Laraya Billups, Staff Writer

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Bridgewater, Va. – On Oct. 31, the Bridgewater College Theater Department presented the play Rosencrantz and Guildenstern are Dead, a dramatic comedy about the two forgotten characters of Shakespeare’s Hamlet.

Shakespeare’s Hamlet centers around a prince named Hamlet who seeks revenge on the king for killing his father for the throne. Hamlet encounters many questions, like whether “to be or not to be” and the mystery of death. After Hamlet kills his love interest’s father and loses his sanity, the king orders Rosencrantz and Guildenstern, Hamlet’s oldest friends, to send Hamlet to England.

While on the boat to England, Rosencrantz and Guildenstern open a note from the king that states that Hamlet is being sent to England to die. Hamlet finds this letter, and switches it with a revision, stating that Rosencrantz and Guildenstern be put to death.

The play begins with Rosencrantz and Guildenstern betting on a coin. Guildenstern, played by junior Taylor Callahan, asks Rosencrantz, senior Trey Roach, if he remembers what happened to them, but Rosencrantz does not know.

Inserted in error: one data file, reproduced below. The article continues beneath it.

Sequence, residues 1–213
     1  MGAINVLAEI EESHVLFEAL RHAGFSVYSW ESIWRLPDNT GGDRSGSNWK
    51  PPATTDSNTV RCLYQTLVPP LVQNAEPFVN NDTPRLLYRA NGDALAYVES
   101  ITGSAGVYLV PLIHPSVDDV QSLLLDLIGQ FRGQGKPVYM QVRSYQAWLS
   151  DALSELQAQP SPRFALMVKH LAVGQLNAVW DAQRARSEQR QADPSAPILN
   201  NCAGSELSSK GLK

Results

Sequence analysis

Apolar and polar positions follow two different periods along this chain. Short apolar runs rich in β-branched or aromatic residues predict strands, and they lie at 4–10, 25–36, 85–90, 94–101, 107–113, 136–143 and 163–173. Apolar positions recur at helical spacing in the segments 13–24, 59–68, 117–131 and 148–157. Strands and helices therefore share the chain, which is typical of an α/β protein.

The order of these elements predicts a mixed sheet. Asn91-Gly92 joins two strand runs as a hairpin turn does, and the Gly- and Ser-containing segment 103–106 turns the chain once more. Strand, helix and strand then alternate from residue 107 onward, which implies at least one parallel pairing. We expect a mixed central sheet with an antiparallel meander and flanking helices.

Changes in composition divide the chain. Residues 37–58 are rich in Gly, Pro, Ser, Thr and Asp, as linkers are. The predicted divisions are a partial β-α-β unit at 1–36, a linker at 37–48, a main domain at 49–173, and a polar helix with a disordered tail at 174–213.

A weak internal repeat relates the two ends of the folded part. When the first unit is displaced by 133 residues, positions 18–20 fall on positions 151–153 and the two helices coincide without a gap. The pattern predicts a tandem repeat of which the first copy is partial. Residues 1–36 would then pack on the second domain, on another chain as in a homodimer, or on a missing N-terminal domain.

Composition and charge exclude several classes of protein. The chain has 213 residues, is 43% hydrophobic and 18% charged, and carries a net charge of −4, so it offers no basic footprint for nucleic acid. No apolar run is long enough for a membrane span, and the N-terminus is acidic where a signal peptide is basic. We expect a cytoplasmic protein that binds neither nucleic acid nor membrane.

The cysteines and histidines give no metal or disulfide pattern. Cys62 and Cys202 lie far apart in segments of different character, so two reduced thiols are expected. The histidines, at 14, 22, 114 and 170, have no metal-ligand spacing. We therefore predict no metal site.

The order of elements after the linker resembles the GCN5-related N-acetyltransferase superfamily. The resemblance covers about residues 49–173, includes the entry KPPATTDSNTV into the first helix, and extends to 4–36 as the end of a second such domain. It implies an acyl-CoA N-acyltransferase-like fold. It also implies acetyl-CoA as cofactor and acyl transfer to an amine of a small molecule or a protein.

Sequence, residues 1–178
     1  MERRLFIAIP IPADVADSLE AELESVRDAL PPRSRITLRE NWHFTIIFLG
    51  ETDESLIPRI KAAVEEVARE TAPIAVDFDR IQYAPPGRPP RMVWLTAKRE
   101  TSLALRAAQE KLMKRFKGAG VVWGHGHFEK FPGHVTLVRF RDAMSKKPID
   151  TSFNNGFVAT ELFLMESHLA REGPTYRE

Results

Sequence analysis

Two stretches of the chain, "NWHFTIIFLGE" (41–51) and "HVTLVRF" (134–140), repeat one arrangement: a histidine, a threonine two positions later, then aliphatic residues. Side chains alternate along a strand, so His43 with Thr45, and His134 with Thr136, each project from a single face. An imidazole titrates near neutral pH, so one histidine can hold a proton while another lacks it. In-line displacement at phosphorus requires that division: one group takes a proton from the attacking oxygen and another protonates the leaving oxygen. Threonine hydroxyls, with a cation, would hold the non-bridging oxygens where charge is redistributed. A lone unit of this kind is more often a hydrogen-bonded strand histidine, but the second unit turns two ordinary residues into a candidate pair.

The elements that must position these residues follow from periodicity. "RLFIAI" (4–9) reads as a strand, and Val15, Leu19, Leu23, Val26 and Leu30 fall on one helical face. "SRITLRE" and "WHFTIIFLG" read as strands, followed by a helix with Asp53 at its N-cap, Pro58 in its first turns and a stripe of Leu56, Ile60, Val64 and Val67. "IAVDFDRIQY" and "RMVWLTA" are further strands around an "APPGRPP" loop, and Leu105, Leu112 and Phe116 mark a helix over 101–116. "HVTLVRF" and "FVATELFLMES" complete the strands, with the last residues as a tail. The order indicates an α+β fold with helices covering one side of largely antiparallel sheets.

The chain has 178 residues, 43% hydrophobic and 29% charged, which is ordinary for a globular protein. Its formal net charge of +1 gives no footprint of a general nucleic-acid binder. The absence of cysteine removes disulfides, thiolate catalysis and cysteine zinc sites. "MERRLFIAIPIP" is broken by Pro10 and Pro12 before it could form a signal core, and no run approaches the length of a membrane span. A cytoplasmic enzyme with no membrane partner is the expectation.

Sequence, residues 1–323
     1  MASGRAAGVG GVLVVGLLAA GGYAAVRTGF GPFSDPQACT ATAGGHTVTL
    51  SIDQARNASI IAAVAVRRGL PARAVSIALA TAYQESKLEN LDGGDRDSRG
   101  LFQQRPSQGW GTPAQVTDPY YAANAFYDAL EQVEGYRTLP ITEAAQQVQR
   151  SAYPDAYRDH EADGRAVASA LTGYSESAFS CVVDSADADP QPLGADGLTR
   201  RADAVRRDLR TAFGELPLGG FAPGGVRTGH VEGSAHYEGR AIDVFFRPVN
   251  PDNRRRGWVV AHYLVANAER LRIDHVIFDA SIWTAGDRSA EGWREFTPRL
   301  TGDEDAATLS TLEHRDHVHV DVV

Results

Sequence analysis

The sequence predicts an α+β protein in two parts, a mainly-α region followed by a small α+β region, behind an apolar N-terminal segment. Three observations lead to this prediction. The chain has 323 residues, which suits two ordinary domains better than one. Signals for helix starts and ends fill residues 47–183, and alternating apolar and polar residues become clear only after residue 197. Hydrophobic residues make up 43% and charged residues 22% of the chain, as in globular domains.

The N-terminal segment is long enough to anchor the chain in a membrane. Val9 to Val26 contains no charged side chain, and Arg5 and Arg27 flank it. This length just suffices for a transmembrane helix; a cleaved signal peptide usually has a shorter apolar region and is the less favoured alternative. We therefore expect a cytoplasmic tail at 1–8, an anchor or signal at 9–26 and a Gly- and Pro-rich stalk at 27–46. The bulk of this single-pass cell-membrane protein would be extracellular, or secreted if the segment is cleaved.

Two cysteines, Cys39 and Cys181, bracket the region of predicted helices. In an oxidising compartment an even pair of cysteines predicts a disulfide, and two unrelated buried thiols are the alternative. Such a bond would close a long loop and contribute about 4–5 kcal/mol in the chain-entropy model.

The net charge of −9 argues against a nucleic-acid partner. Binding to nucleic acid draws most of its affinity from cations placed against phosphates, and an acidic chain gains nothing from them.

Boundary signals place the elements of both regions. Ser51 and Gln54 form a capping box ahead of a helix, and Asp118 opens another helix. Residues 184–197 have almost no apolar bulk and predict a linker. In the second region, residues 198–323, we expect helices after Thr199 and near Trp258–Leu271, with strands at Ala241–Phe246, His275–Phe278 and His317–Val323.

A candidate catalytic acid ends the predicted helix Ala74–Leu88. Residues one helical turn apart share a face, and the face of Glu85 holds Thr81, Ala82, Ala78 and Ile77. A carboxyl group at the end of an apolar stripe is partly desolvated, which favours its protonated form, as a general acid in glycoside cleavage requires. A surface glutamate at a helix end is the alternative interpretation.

After playing with the coin more, they realize that the king, played by senior Christian Sanchez, summoned them to figure out what is wrong with Hamlet. Rosencrantz and Guildenstern speak with Hamlet, played by senior Katie Downing. Hamlet outsmarts them, and they are left figuring out how to help Hamlet.

They encounter a group of traveling actors led by the Player, freshman Gabriella Signor. The Player tells them that they are actors in life and they cannot question their existence because life is already complex to understand. The Player says, “You can’t go through life questioning your situation.”

The traveling actors called the Tragedians are played by senior Samantha “Ace” Brown, sophomore Kylee Lorio and junior Christina Ludwig. Together they rehearse a play they had been working on. The play is a foreshadowing of the deaths of Rosencrantz and Guildenstern.